County Sligo epitomizes the drama of the Wild Atlantic Way, with its windswept headlands and powerful waves crashing onto wide golden shores. The green hills and misty mountaintops of the affectionately dubbed "Yeats Country" seem to roll into the sea. This ancient landscape is also dotted with historical sites, with cairns, graves, castles, and monuments surviving the elements for centuries.

If the weather's dry, take a walk on one of Sligo's beaches, like Mullaghmore. As well as being famed for some of the world's biggest surfable waves, you can see the eerie-looking Classiebawn Castle. This was the holiday home of British Royal Louis Mountbatten until he was assassinated nearby in 1979. Other prized beaches include Strandhill, Rossnowlagh, and Streedagh, where locals surf, standup paddleboard, and kayak.

Day 7: Drive to Galway City via Knocknarea & Carrowmore  

Sunset over Galway's colorful harborfront 

You'll probably have seen Knocknarea by now, the 1,050-foot (320 m) mound that dominates County Sligo's skyline. This morning, you'll ascend up to its crowning glory, the tomb known as Queen Maeve's Cairn. This queen of the west reigned for 60 years, sometime between 50 BCE and 50 CE. She spends her eternity here, reportedly upright and wearing her armor. As Knocknarea stands on the peninsula of Cúil Írra Peninsula, its summit also delivers incredible ocean views. Next, pay a visit to Carrowmore, the biggest cemetery of megalithic tombs in Ireland, also on the Cúil Írra Peninsula. 

Then it's onward bound from Sligo to the city of Galway, two hours south. This maritime medieval city was once controlled by the 12 merchant families known as The Tribes. Now Ireland's bohemian capital, colorful Galway, is associated with the arts, live performances, street theater, and live music. Head to the quayside to walk beneath the Spanish Arch and continue to Galway Bay—this relaxing stroll offers distant views of the Burren, a hilly limestone landscape across the water in County Clare.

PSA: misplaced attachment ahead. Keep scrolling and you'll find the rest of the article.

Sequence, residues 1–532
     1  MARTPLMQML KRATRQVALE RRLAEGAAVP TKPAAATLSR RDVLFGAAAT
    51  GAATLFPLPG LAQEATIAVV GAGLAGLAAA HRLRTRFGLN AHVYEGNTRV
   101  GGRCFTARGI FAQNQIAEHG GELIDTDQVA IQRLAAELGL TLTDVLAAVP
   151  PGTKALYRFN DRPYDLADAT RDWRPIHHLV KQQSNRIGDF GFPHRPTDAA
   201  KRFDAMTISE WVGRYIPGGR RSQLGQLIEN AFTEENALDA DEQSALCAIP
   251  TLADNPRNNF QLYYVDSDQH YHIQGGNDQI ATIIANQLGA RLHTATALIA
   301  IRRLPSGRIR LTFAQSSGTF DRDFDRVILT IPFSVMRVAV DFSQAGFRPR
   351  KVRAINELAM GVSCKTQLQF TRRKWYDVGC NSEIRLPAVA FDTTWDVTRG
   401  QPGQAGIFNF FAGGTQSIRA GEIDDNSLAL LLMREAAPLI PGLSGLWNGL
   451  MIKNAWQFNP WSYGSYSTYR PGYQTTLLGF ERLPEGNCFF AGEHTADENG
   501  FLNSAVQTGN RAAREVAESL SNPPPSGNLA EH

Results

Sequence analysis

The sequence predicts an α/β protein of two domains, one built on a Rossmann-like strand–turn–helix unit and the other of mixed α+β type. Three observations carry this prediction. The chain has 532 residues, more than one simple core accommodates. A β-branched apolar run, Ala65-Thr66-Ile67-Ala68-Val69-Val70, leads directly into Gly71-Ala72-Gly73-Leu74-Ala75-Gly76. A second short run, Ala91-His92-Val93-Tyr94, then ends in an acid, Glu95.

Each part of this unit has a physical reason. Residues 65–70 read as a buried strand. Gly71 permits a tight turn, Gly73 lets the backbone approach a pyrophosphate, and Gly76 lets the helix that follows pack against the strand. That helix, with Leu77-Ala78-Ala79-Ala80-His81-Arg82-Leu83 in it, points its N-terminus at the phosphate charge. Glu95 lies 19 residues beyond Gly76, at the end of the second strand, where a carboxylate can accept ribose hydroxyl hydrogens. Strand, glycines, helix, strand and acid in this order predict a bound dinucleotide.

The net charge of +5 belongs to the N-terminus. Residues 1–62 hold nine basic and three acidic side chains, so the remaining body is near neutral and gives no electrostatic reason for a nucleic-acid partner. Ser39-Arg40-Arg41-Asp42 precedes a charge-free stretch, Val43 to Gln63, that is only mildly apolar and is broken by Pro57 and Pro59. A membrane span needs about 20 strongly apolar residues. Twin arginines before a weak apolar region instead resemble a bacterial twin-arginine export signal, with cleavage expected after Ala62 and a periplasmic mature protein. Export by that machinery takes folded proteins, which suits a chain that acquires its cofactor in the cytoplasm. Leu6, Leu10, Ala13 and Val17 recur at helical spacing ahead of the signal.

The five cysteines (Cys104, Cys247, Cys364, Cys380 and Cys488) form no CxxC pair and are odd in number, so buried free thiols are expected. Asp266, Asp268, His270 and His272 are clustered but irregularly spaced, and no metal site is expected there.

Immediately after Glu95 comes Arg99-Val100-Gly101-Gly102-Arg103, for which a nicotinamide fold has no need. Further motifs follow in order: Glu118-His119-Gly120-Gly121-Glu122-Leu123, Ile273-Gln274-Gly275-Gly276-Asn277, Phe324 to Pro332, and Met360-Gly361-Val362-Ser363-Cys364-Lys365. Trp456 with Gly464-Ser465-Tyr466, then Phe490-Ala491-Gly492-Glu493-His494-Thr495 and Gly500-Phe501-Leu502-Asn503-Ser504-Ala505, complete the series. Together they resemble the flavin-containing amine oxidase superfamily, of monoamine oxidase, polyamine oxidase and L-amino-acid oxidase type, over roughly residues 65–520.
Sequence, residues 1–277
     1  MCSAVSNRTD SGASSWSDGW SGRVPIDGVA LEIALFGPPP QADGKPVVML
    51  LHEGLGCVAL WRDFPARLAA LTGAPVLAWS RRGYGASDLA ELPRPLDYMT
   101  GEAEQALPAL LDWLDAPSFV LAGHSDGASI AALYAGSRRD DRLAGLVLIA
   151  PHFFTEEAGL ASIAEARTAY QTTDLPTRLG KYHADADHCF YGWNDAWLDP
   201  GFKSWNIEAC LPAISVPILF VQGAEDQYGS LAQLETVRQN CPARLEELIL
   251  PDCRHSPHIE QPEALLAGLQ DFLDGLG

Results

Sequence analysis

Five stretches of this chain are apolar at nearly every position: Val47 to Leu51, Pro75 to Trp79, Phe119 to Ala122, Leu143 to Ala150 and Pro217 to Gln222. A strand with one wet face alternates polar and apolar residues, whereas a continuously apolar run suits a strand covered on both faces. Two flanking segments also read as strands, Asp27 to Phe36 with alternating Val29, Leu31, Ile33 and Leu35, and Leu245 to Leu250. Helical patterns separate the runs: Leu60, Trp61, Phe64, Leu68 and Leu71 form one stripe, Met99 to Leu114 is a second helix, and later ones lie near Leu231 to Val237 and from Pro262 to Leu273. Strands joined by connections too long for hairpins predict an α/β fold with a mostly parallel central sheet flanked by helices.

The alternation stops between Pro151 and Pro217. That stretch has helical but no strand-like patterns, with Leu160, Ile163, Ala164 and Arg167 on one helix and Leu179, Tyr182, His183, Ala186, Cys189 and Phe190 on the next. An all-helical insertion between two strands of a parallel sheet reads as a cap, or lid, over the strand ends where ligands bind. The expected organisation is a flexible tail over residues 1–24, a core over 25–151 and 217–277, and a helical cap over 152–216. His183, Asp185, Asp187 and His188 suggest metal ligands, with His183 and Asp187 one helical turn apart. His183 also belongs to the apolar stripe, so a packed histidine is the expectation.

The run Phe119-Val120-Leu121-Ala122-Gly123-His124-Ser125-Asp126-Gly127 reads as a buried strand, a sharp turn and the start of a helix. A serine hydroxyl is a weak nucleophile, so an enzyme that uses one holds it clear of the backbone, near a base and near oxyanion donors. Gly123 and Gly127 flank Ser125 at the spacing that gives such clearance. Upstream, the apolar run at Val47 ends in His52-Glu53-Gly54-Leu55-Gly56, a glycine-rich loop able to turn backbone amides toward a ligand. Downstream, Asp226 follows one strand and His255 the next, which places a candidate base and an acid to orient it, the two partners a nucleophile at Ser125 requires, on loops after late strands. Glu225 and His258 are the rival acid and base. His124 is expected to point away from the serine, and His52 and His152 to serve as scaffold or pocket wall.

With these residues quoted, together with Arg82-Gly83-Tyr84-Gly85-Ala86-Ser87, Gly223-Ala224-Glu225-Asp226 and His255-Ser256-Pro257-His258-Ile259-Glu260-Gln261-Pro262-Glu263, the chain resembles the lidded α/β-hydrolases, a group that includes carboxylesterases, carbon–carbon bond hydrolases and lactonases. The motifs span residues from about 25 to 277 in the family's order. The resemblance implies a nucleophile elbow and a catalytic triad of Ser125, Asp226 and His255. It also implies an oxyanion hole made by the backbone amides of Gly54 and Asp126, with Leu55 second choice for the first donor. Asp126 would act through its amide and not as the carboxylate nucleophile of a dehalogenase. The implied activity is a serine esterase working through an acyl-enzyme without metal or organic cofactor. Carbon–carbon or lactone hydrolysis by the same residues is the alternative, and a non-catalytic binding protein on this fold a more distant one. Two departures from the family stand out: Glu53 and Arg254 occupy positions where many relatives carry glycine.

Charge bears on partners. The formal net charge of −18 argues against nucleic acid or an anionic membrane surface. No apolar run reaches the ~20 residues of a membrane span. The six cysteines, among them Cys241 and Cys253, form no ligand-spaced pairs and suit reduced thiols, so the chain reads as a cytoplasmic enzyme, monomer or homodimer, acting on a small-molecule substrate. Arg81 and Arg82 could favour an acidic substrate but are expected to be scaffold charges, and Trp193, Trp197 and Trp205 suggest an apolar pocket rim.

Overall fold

Day 8: Explore Connemara National Park

Killary Fjord
The dramatic landscape of Killary Fjord in Connemara

Spend the day getting to know County Galway. The jewel in its crown is Connemara National Park, a 1.5-hour drive northwest of Galway. Trails weave through a mystical landscape of mountains, woods, beaches, and interconnected lagoons, across 4,942 acres (2,000 ha), in an ever-changing light. Discover remnants of ancient settlements as you hike, including 4,000-year-old megalithic tombs and markings of former grazing areas. Take the path up the isolated peak of Diamond Hill for one of Ireland's best views across the Twelve Bens Mountains, Kylemore Abbey, and the ocean beyond.

Near Diamond Hill is the spectacular clifftop Bunowen Castle, which served as one of the castles for Grace O'Malley, "the Pirate Queen," in the 1500s. Or, take a closer look at Kylemore Abbey. Built in 1867 as a romantic gift, the mansion's rooms have been restored to their Victorian glory. For lunch, you're spoilt for choice with pretty villages and hamlets to pull up for a bite: popular spots include Leenane, Renvyle, Roundstone Harbour, and Costelloe. After your day's exploring, head back to Galway for the night.